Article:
For the most part, this imbalance has been written about anecdotally. But lately, the “Three Percent” site has worked to track who’s being published in translation in the U.S.: women or men. There, Three Percent reports an overall approximate 71/29 imbalance across languages, favoring books by men.
No one has, to my knowledge, been keeping particular track of the gender balance of Arabic-English translations, nor even of which translations are published from Arabic to English worldwide.
The Banipal Prize for Arabic Literature in Translation keeps a sort of track of Arabic literature published in the UK. There, in 2015, there were seven books by women of 29 total considered for the prize (24%); in 2014, two of 17 (11%) were by women. In the US, in 2015, the Three Percent site logged 5 of 20 by women, or 25%.
The ArabLit count in 2014, which attempted to be global, was 7/40, or 17% by female authors. All of this excludes anthologies, which are more likely to be egalitarian. For instance, the excellent 2015 Beirut Noir anthology, ed. Iman Humaydan, featured more than half women’s work. The 2014 Gaza Stories, ed. Atef Abu Saif, also laid emphasis on women’s stories.
Much hay has been made of the reasons behind the overall imbalance: Perhaps there just isn’t that much women’s work, as the Angoulême Festival CEO argued in response to a protest when his Grand Prix excluded women. Or perhaps women’s work just isn’t good enough: France’s top literary prize, the Prix Goncourt, has gone to a woman just 11 of the 102 times it’s been awarded. The far younger International Prize for Arabic Fiction has gone to a female novelist just 1/2 a time in eight years: The year it went to Raja Alem, she shared the prize with Mohammed Achaari.
But, as translator Katy Derbyshire writes, all of this begs the question: Does it matter?
On March 10, Free Word will host an event in London titled, “Few Women in the History: Tackling imbalances in international literature.” Ahead of that, Derbyshire argues that — well — women’s presence in translated literature does matter. Derbyshire writes:
In our ongoing efforts to start a literary prize for translated fiction by women, we’ve been leaning heavily on the diversity argument. Novels written by women from other cultures and in other languages really do offer windows into lesser-known worlds. Be they Herta Müller’s Romania under the Securitate or Han Kang’s South Korean domesticity, the (fictional) worlds they contain will often be unlike British readers’ own lives in some ways, but similar in others.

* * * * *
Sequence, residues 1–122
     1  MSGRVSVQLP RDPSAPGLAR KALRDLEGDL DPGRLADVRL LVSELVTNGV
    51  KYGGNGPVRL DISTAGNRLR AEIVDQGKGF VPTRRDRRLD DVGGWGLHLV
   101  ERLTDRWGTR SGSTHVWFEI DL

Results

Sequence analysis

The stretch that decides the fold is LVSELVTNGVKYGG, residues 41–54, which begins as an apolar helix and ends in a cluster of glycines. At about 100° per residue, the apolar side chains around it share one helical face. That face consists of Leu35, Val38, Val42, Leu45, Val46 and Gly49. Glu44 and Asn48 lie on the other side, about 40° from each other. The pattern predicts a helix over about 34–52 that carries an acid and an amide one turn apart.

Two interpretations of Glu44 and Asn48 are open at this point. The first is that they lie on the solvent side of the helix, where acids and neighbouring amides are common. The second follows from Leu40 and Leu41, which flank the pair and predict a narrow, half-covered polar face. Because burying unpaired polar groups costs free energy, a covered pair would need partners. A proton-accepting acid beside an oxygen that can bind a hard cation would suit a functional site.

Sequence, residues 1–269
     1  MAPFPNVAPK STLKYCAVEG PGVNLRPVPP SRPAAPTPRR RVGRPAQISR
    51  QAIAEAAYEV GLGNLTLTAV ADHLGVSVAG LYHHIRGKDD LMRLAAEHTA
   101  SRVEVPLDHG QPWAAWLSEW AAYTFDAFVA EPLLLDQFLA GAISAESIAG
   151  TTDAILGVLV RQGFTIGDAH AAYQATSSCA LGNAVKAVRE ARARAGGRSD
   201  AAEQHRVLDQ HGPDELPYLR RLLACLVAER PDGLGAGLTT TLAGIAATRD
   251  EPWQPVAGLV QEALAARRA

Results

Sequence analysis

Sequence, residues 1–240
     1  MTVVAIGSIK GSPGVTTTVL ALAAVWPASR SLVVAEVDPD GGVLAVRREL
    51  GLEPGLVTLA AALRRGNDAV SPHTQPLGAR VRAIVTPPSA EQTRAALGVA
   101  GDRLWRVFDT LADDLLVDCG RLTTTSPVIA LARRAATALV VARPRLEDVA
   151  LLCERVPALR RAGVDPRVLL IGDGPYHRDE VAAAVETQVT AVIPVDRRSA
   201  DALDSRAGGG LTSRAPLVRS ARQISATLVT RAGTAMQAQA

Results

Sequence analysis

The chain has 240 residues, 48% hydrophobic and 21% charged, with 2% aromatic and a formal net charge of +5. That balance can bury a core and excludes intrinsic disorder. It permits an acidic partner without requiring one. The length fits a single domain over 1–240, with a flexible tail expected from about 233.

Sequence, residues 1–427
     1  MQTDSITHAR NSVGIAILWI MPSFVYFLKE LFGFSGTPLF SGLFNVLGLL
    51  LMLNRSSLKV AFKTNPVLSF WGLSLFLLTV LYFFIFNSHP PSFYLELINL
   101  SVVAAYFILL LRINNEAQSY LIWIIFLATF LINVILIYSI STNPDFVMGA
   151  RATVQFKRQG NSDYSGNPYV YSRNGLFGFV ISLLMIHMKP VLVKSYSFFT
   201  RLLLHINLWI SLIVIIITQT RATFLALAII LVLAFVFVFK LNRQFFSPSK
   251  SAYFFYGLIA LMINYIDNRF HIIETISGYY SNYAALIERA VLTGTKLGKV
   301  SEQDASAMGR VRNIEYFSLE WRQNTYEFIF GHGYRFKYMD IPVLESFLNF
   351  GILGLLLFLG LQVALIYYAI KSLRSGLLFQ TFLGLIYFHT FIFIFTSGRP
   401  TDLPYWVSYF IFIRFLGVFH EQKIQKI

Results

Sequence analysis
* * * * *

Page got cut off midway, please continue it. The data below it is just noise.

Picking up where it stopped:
Do women’s books in Arabic — broadly speaking — accomplish something different from men’s writings? Do you get something from reading Hoda Barakat, Iman Humaydan, and Najwa Barakat that you wouldn’t from reading Elias Khoury, Jabbour Douaihy, and Rabee Jaber?
Thus far, I know of only two books coming out this year by female authors translated from the Arabic:
Basma Abdel Aziz’s The Queue, translated into English by Elisabeth Jaquette. This surrealist first novel by psychiatrist-writer Abdel Aziz, which appeared in Arabic in 2013, describes Egyptians queueing for hours in front of a mysterious gate. Forthcoming with Melville House Press in May 2016.
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Arwa Saleh’s The Stillborn, translated by Samah Selim. Saleh was a key 1970s activist and a writer, and her powerful criticism of Egypt is forthcoming from Seagull Books in Fall 2016.
Do these books offer a different view of Egypt that isn’t found in “men’s” writings, generally? Perhaps, yes. Even Radwa Ashour, who has a muscular multi-generational style that is in many ways similar to her male peers, is different in her emphasis on and interest in women’s lives.
Derbyshire also suggests that genres that favor women might also draw in new readers, as new types of writing might draw in new readers:
Remember what sparked the current (relative) boom in translated fiction? It was crime writing. Scandinavian detective stories made many readers overcome their reluctance to reach for anything genuinely foreign.
Writing by romance writer Ahlam Mostaghanemi thus far has not made an impact in English, but many of the excellent novels of Hanan al-Shaykh certainly have, as has work by Nawal al-Saadawi.
Over on Facebook, Jordanian writer Hisham Bustani also asks what percentage of books are originally published in Arabic by women. As far as I know, there are no statistics tracking such a thing, although prizes like Katara and IPAF have made sporadic announcements about how many submissions are from women. IPAF for instance announced 26% had been by women in 2016, with a similar percentage over at Katara for the same year. Certainly, this would only reflect a narrow range of fiction, of the type publishers might think win a literary prize.
As a final incentive to publishers, Derbyshire notes:
Women buy two thirds of all fiction sold in the UK.
And as a final statistic: Saudi Arabia was the only Arab-majority country where Three Percent found more women’s work translated than men’s: 2 male authors and 3 female authors, leaning 60% female. What does that mean?